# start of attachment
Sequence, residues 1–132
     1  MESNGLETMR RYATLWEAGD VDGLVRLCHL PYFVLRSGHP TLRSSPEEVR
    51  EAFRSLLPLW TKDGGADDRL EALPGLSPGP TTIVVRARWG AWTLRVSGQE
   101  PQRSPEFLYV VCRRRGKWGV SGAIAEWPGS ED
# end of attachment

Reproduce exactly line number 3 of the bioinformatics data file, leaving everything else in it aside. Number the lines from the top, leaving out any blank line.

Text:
    51  EAFRSLLPLW TKDGGADDRL EALPGLSPGP TTIVVRARWG AWTLRVSGQE